23 May 2010


While looking for a training run to prepare for my upcoming 108k ultra race in Germany, I came across this race listed on the G.U.T.S. online race calendar. Honestly, I first tried to register for the Twisted Ankle Trail Marathon, but it had filled up already. But can you blame me? What thrill seeking trail runner wouldn't want to register for a race with the phrase "twisted ankle" in it? Anyway, that's when I decided to register for another race fairly close to home. The Scenic City Trail Marathon is actually going to be the first marathon or ultra race I am traveling overnight for. This should be great training for my ultra in Germany.
The Scenic City Trail Marathon takes place at the Racoon Mountain Reservoir in Chattanooga, TN, which was build on top of Racoon Mountain ten minutes from downtown Chattanooga. This reservoir drops water down 990 feet to create electricity with turbines inside the mountain. After the water has been used to create electricity, it is discharged into the lower reservoir. The penstock or pipe that carries the water to the turbines below is large enough for a full-size bus to drive through. Built in the 70s, the upper dam is 230 feet high and 8500 feet long and the power capacity consists of 4 units supplying 1532 megawatts. The upper reservoir is 1.2 miles in length and the trails circumventing this reservoir will be the site for this marathon and a half marathon taking place at the same time.
I drove to Chattanooga the night before the race for the race packet pick-up and to take my better half out for a nice dinner. We had decided tostay in town through Sunday to enjoy a weekend away from home. I immediately located the Rock/Creek store in downtown Chattanooga, where I picked up my race bib and swag (a nice Patagonia short sleeve tech shirt). Afterwards, we drove about 5 minutes to our hotel to check in and to meet my running buddy Richard and his girlfriend. Richard was kind enough to run with me in my preparation for the ultra next month in Germany.
Richard and I went to the race location on top of Raccoon Mountain at 6:30 AM so he could register on site. We arrived there with the early crowd, able to enjoy some organic coffee and muffins (courtesy of Greenlife) that were absolutely fantastic. We put on our bibs, got our calves marked with the black letter "M" to identify us as marathon race runners to other runners. This was done to allow racers to recognize and differentiate the marathon from the half marathon runners during the race. Aparently, the race had doubled in size from the previous year. Since I had done some research online reading other race reports from last year, I knew that the course was 90% single track trail and that runners would get "stuck" behind each other on large stretches of the race. There was an opportunity to minimize that problem by going out hard on the first quarter mile on the road immediately after the start of the race. Now, all I had to do was convince Richard that is was a good idea to start out fast prior to reaching the single track trail...and I did.
We came out fast and settled in what I figured must have been at the front of the mid pack of runners. The field consisted of what must have been over 450 runners in the marathon and half marathon combined. I was settling into a comfortable pace, but Richard felt he was going out too hard too early. He sent me on my way arounf 5 miles into the race. Even though this was a training run, I wanted to try to push for a sub 4 hour finish. The course had been advertised as a fast trail course and I confirmed this tag line with other runners before the race, so I figured that I should give it a shot. I figured it must be rather flat since it was considered a fast course by many. However, there were two problems with my plan. First, the course wasn't flat or fast my any means of my imagination. Second and more importantly, there was a serious discrepancy between the actual distances covered during the race and the distances recorded by my Garmin 310XT (many other runners reported the same problem after the race). As a result, my Gramin kept showing me a pace significantly slower than my actual pace since it used false distance information. I, not aware of this error, continued to try to push harder to maintain a 9 minute pace not realizing that I was already going faster than that. The result of this error cost me dearly. Add the humidity and fairly high temperatures of the day and you get the inevitable crash and burn I experienced even before I reached mile 20. I was actually on track to finish in under 4 hours about 2 hours into the race. Unfortunately, my demise was becoming more and more evident as my balance and ability to lift my feet increasingly declined. I stopped counting my tripsand near face plants after ten. That coupled with my erroneous decision to wear two pairs of socks to prevent blisters and for added padding caused some foot problems late in the race. First, I stubbed my toes too many times to count. In addition, the high humidity caused "swamp" feet early in the race and the extra pair of socks did not seem to prevent blisters as I now have one pretty good one on the outside of my right foot. Next time, I will add hyrdopel to the mix (cover myfeet in it) and see if that helps.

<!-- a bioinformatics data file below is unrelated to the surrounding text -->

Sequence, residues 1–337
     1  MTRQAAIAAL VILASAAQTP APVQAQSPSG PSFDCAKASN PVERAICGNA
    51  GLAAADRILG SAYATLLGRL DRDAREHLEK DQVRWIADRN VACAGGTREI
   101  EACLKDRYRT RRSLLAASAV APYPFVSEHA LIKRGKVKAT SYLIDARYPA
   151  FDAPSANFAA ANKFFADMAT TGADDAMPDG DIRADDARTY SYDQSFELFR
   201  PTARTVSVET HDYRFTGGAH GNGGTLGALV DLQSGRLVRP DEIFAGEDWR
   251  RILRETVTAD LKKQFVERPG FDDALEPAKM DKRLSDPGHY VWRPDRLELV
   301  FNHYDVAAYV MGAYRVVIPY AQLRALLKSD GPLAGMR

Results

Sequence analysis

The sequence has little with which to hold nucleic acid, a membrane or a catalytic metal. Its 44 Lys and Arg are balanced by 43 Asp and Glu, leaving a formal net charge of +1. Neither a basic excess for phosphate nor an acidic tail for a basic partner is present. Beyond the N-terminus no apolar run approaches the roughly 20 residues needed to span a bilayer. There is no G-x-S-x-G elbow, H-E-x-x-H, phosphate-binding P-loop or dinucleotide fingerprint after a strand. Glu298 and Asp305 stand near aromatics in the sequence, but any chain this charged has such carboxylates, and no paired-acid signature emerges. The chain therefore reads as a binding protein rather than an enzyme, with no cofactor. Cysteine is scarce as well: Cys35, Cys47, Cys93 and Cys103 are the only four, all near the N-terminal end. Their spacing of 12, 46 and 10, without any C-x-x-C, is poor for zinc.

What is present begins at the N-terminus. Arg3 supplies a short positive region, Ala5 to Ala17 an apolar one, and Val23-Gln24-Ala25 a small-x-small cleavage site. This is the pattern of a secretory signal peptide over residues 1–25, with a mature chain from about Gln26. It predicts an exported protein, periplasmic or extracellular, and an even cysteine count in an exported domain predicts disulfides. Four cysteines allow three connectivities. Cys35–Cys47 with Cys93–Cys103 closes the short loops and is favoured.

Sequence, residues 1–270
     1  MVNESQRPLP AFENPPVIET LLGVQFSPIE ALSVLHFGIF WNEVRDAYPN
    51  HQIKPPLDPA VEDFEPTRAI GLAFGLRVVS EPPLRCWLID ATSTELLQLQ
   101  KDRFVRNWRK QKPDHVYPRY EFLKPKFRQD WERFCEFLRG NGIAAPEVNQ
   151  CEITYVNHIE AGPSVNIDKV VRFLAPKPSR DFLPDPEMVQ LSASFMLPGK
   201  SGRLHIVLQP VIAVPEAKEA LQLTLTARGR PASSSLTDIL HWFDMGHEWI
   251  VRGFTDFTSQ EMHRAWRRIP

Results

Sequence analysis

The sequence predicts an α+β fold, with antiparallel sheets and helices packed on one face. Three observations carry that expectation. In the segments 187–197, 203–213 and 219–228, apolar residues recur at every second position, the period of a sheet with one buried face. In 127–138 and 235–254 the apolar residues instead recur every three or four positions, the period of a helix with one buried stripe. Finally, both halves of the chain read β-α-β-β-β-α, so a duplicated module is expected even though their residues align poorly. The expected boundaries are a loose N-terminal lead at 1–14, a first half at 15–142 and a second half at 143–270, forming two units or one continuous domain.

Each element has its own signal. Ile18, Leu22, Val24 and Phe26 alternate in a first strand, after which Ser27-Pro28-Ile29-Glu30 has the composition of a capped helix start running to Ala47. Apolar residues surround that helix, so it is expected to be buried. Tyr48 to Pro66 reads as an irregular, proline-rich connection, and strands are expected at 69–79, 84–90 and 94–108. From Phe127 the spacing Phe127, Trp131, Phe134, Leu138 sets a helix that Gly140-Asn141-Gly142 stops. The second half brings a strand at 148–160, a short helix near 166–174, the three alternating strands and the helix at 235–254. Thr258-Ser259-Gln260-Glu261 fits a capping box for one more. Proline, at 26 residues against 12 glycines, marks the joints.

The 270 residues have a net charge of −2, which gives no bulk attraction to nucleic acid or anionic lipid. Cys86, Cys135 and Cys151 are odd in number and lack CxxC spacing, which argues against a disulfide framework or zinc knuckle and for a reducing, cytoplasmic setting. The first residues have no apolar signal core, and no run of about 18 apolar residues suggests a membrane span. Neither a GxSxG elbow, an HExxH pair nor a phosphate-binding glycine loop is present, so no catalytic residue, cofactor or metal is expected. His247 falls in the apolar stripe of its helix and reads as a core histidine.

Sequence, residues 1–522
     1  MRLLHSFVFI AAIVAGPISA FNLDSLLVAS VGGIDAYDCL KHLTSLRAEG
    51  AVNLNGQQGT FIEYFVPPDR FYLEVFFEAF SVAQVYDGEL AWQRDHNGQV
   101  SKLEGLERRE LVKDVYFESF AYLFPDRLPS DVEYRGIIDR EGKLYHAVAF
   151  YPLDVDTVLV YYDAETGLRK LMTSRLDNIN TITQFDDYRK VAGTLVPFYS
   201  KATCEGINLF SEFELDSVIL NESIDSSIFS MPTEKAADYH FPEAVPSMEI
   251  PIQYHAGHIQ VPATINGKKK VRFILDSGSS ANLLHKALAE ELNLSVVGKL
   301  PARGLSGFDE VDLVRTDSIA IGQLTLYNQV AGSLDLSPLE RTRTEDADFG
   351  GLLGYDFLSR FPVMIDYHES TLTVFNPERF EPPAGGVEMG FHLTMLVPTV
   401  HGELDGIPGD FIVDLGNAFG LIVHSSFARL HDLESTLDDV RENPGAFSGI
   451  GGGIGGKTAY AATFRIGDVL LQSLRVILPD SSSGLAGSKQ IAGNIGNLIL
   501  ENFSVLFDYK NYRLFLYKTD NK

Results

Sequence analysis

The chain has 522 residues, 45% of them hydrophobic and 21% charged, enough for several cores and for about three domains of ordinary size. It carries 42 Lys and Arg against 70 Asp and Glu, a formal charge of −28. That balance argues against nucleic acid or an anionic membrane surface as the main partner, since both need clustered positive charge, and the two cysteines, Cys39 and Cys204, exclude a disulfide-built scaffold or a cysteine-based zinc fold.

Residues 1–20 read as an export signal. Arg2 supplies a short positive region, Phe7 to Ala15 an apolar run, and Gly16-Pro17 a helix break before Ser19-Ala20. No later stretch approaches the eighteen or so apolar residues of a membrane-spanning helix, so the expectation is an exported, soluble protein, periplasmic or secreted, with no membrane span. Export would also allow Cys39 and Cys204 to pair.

Looking at the splits, I lost a significant amount of time towards the last third of the race. My Garmin recorded almost 4 miles less than the actual race distance. However, this need to stop running the hills late in the race to try to recover and lower my heart rate really allowed me to take in the beauty of this course. There were many places along the course where runners had magnificent views of the surrounding mountains and valleys. I just wished I had brought a camera to capture these images. Instead, I will have to leave you with an image of the price I paid to run this great event (see below).

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